By Dr. Yvette Lu.
Recently Health Canada issued new guidelines for manufacturers of medications containing acetaminophen, a common medication used for pain relief and the control of fevers. Acetaminophen (Tylenol) is a leading cause of liver failure in Canada. Liver failure, in serious cases, can require a liver transplant or even lead to death.
Check out my five minute chat on Roundhouse Radio on acetaminophen and the use of other over-the-counter pain medications, or read my detailed notes below.
Make sure you’re taking Tylenol and these other pain medications correctly.
Q&A on acetaminophen use:
1. Is Acetominphen is still safe to use?
- Acetaminophen (Tylenol) is a widely used drug for pain control and relief of fevers
- It is safe if used properly
2. What are the new labelling guidelines for?
- Health Canada has recommended new labelling guidelines because acetaminophen is the most common cause of liver injury in Canada
- Liver injury occurs when a person takes too much acetaminophen
- This causes toxic byproducts to be produced, which damages cells
- People can inadvertently ingest too much acetaminophen when they don’t follow the dosing guidelines on the bottle (Eg. take too many or take them too frequently) or when they are taking multiple medications that have acetaminophen and don’t realize it
- Acetaminophen is found in over 700 over the counter products including combination cough and cold medications and night time medications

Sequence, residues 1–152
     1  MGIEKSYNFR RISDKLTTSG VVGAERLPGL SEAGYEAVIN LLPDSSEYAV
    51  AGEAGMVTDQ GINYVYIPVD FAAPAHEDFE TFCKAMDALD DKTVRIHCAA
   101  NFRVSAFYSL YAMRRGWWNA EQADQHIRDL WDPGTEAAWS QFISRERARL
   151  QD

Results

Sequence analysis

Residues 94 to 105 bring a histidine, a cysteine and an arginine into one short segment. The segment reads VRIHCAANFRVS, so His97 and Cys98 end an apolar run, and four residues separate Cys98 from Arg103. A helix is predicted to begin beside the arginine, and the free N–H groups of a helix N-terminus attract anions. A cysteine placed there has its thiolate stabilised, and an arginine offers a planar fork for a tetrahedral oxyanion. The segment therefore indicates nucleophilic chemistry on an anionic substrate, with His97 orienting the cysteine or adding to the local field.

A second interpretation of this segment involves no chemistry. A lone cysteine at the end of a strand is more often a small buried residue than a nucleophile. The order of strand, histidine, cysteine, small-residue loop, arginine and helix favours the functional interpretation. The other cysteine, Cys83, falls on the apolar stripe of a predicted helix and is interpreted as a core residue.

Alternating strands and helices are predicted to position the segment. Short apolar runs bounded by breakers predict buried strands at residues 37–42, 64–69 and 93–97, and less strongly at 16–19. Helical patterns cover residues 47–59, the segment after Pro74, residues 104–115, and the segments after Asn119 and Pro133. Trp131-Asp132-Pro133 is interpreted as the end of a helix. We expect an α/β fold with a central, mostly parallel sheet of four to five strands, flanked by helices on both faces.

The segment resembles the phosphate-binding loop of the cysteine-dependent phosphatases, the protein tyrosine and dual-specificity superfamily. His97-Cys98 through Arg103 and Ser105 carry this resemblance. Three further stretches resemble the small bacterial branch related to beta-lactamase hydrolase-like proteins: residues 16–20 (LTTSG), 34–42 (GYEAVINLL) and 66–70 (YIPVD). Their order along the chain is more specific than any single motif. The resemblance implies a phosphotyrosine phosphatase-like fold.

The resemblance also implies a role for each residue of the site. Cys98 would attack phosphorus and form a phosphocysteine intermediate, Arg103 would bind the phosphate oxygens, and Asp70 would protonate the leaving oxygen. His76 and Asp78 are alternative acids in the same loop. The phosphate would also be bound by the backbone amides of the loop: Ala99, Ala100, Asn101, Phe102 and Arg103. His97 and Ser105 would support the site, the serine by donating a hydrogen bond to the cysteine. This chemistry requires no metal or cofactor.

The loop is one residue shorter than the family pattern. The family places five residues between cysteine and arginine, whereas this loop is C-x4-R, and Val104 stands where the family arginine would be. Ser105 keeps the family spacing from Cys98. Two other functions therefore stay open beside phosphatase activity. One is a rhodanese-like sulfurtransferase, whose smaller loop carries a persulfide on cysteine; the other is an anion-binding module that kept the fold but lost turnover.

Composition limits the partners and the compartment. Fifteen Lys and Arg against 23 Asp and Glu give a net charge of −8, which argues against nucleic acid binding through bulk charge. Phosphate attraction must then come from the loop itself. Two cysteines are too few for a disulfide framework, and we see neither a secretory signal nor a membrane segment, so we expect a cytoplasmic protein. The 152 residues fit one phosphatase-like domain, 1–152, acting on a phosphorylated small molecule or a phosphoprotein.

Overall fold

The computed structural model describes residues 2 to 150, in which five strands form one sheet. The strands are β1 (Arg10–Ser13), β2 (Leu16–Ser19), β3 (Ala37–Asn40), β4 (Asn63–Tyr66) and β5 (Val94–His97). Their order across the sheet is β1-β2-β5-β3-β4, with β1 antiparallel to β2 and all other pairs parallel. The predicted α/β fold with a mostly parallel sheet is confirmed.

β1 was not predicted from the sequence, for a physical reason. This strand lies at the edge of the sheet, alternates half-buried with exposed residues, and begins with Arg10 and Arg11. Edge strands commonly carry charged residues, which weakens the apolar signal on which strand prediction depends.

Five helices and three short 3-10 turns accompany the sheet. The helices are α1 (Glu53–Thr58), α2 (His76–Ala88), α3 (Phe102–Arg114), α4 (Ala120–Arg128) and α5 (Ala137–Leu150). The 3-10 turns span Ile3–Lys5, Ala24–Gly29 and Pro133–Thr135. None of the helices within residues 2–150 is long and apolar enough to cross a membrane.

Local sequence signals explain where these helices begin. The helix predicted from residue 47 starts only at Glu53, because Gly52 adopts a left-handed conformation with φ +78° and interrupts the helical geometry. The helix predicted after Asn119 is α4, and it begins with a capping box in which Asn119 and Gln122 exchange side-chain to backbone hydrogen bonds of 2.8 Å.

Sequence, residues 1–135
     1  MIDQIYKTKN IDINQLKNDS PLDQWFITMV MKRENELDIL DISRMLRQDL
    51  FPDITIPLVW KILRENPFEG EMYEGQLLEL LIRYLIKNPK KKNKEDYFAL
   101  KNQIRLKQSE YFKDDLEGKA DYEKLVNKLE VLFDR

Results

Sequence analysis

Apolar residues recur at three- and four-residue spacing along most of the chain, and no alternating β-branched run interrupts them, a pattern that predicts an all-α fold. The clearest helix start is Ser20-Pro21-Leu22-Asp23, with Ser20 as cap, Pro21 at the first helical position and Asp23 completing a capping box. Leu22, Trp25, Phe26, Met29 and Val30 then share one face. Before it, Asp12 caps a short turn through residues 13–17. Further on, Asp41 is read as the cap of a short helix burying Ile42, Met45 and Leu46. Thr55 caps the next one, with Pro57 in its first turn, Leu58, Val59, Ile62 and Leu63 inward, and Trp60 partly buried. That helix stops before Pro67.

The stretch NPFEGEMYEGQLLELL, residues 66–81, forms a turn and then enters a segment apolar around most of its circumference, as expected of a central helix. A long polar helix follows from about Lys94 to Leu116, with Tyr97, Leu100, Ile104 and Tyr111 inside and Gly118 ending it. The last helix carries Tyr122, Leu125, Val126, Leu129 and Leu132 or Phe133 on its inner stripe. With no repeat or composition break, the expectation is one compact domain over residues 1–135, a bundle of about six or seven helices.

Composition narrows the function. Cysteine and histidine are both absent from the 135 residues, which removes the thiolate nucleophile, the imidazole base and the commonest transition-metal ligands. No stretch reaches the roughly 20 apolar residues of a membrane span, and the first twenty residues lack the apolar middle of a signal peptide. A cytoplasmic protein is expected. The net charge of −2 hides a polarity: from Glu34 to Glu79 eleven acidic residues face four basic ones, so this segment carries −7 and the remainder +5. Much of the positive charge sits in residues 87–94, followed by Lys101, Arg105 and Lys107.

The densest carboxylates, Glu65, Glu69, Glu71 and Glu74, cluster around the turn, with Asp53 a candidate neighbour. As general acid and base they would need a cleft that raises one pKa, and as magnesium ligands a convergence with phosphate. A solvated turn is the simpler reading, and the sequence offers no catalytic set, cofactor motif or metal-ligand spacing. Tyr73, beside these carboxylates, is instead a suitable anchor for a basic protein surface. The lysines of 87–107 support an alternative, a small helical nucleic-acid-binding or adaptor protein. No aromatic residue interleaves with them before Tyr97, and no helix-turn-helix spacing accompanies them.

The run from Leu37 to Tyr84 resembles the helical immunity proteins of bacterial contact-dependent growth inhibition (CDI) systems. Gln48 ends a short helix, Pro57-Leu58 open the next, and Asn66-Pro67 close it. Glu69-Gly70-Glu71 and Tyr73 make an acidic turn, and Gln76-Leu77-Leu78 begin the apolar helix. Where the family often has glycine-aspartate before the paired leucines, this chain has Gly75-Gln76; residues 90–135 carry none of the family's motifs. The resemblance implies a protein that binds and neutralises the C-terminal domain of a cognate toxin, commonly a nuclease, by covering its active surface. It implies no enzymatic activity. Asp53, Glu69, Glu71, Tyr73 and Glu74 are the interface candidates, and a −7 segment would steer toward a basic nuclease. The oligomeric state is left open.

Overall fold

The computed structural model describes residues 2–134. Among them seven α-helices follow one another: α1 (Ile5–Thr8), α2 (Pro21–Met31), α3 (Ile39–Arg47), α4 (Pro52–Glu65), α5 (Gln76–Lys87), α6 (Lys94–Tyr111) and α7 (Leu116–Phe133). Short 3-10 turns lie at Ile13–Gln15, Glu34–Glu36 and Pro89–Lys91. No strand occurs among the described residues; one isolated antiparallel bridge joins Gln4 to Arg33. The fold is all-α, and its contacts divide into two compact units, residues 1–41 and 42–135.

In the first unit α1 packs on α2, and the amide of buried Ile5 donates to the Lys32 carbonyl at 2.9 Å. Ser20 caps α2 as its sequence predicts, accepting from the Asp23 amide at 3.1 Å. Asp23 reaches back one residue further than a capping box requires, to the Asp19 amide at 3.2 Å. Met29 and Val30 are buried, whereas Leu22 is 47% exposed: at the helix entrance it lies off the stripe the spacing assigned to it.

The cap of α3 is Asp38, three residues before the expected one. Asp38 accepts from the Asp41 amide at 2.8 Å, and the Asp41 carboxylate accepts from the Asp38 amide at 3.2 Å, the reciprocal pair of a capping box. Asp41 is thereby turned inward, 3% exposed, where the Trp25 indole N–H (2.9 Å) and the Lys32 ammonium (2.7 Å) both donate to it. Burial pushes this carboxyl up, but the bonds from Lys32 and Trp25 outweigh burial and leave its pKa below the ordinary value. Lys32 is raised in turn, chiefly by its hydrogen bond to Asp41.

3. How much acetaminophen is safe?
- Adults should follow the directions on the bottle, maximum 1000mg per dose, every 4-6 hours, no more than 4000mg per day
- Children should be dosed by age and weight
- People at higher risk include people with liver disease, people who drink 3 or more alcoholic drinks per day, people who take acetaminophen long term (3200mg per day maximum for long term use, 2400mg per day maximum for people with liver injury)
4. What are the signs and symptoms of acetaminophen overdose?
- Aceteminophen is the most common cause of liver injury in Canada
- Overdose symptoms can range from vomiting, to abdominal pain, to jaundice, to liver failure and death
- Symptoms may not start for 24-72 hours so if you’ve taken too much acetaminophen, you should go to the hospital even if you don’t feel any symptoms yet
5. What can I do to stay safe?
- All drugs have risks and benefits and should be taken with caution
- Be aware of how many pills you can take with each dose and how often
- Be careful about how many pills you take, write down how much medication you’ve taken and what time you’ve taken them
- Read labels and avoid using multiple products with acetaminophen at once
- If you use multiple medications, check with pharmacist or doctor first so you know what the safe limit is for the number of pills you can take per dose and per day
- Don’t take acetaminophen long term without medical supervision
- If you are high risk for liver injury, talk to your doctor before taking acetaminophen
- If you need acetaminophen for more than a week, see your doctor because the underlying problem needs to be diagnosed and treated